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  • Our range must embrace a much wider area - must comprise, in fact, all living matter - if we are ever to arrive at a scientific conception of what disease really means.
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  • Tumours Or New Growths The various definitions of the term " new growth " leave us with a definite conception of it as a new formation of tissue which appears to originate and to grow independently.
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  • The first grand characteristic of Hippocratic medicine is the high conception of the duties and status of the physician, shown in the celebrated "Oath of Hippocrates" and elsewhere - equally free from the mysticism of a priesthood and the vulgar pretensions of a mercenary craft.
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  • The general conception of the physician's aim and task remained the same, though, as knowledge increased, there was much divergence both in theory and practice - even opposing schools were found to be developing some part of the Hippocratic system.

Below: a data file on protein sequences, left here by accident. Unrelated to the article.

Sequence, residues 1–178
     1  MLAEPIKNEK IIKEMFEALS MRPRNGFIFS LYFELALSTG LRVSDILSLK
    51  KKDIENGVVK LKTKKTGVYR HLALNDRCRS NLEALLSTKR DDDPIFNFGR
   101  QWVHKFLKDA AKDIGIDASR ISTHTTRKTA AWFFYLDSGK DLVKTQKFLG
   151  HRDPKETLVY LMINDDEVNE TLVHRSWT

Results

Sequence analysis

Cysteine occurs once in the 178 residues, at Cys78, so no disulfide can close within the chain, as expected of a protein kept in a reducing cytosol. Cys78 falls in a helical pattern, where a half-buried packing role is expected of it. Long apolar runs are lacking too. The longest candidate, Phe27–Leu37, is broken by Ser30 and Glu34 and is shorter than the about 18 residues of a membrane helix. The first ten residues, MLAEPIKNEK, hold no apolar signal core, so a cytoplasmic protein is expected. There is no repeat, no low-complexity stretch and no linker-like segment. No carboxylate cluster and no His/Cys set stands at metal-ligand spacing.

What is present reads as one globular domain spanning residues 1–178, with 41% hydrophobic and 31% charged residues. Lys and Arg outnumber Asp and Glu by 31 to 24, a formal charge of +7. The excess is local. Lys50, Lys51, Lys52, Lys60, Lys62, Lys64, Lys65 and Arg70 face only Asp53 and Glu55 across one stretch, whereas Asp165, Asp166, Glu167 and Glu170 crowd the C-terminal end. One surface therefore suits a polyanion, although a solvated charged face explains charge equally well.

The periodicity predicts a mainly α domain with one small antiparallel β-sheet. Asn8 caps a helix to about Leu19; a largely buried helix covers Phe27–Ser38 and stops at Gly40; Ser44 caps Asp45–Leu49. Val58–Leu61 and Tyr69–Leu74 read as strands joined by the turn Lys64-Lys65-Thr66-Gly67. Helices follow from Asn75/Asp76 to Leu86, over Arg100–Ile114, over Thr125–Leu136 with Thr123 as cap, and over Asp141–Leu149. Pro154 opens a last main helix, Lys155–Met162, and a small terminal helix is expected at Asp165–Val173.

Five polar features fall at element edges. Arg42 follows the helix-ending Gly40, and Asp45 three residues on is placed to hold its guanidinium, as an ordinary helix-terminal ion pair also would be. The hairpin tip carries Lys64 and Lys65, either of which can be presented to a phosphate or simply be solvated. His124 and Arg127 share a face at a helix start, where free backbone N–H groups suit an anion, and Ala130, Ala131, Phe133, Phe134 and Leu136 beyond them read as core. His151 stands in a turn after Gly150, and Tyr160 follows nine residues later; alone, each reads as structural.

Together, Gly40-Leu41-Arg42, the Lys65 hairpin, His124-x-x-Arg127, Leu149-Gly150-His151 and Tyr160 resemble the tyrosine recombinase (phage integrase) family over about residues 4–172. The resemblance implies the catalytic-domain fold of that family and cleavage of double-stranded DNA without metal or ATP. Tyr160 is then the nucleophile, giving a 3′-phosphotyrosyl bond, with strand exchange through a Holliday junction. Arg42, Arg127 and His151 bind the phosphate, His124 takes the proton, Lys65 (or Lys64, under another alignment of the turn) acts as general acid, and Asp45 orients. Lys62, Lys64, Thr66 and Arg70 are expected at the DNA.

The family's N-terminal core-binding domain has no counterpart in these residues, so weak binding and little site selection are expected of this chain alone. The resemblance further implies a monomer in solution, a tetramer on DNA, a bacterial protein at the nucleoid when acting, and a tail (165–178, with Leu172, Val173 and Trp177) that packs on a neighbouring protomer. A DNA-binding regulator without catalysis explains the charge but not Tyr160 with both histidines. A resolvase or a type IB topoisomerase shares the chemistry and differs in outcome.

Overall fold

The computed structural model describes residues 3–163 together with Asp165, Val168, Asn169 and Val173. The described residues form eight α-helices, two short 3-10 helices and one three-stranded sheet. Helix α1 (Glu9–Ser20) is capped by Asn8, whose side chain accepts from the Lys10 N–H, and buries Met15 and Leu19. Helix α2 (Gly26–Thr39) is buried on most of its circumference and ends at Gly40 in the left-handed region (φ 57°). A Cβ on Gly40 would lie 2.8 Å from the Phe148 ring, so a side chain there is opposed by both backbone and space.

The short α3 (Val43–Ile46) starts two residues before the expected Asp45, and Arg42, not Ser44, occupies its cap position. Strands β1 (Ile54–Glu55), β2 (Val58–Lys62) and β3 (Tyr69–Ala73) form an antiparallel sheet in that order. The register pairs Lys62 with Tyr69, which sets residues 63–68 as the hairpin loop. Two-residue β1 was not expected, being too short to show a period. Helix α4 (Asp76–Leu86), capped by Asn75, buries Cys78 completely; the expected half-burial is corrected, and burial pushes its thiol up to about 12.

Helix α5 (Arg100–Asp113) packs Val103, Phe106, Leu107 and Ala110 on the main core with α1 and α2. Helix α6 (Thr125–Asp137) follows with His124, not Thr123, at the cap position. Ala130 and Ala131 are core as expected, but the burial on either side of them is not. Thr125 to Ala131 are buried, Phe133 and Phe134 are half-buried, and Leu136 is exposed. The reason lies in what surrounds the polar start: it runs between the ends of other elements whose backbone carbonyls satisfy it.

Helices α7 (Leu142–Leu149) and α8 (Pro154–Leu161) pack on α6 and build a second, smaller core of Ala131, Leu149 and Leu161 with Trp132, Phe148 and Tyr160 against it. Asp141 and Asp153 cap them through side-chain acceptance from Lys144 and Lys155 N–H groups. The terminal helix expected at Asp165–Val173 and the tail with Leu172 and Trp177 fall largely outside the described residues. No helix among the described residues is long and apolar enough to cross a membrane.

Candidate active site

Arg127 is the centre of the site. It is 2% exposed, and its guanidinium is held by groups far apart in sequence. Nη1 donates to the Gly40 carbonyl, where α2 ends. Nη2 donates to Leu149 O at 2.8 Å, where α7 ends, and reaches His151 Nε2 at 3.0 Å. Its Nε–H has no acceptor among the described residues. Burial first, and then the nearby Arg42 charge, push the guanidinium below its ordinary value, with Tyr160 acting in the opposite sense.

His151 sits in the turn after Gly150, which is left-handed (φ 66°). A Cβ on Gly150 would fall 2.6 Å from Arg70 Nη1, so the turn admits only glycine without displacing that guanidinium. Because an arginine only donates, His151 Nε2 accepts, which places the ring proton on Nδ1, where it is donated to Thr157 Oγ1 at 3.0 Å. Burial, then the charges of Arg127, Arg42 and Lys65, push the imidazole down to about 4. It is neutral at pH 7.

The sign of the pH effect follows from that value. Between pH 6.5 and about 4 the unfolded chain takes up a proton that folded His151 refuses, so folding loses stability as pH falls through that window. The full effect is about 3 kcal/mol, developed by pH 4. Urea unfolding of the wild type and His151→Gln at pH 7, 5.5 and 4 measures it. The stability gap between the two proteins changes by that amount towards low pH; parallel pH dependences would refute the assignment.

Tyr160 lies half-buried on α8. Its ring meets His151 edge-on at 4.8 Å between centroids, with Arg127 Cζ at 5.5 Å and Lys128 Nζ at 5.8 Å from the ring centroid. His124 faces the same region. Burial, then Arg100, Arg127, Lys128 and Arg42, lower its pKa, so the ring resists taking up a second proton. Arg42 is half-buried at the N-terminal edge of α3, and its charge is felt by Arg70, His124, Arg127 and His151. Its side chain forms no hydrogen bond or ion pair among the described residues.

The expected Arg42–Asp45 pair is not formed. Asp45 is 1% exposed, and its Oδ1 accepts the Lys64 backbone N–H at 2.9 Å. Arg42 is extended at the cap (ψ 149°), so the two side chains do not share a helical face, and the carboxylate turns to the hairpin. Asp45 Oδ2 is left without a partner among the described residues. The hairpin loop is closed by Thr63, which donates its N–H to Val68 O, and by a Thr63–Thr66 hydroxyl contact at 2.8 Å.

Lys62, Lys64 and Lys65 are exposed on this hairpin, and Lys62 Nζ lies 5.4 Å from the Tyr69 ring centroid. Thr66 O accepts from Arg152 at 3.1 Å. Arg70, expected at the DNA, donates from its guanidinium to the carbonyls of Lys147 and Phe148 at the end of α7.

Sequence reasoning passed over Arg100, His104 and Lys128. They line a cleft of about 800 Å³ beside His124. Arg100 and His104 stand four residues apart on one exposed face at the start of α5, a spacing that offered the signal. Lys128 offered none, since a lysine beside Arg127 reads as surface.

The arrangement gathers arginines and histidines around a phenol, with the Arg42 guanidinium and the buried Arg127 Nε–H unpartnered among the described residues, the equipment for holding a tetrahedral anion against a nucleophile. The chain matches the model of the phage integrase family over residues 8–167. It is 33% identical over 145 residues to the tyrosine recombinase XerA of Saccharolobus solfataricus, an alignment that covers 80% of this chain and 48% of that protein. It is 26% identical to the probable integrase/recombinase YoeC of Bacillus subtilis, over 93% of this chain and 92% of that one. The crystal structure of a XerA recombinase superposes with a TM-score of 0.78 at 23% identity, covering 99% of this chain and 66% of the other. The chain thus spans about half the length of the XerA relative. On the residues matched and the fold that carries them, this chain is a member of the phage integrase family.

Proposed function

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  • It was on this field that he most vehemently attacked the prevailing atomistic and materialistic views of the methodic school, and his conception of the pneuma became in some respects half metaphysical.
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  • The former brought with it necessarily a more accurate conception of physiology, and thus led up to the great discovery of Harvey, which was the turningpoint in modern medicine.
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  • He resembled his Greek master in the high value he set on the study of the "natural history of disease"; in the importance he attached to "epidemic constitution" - that is, to the influence of weather and other natural causes in modifying disease; and further in his conception of the healing power of nature in disease, a doctrine which he even expanded beyond the teaching of Hippocrates.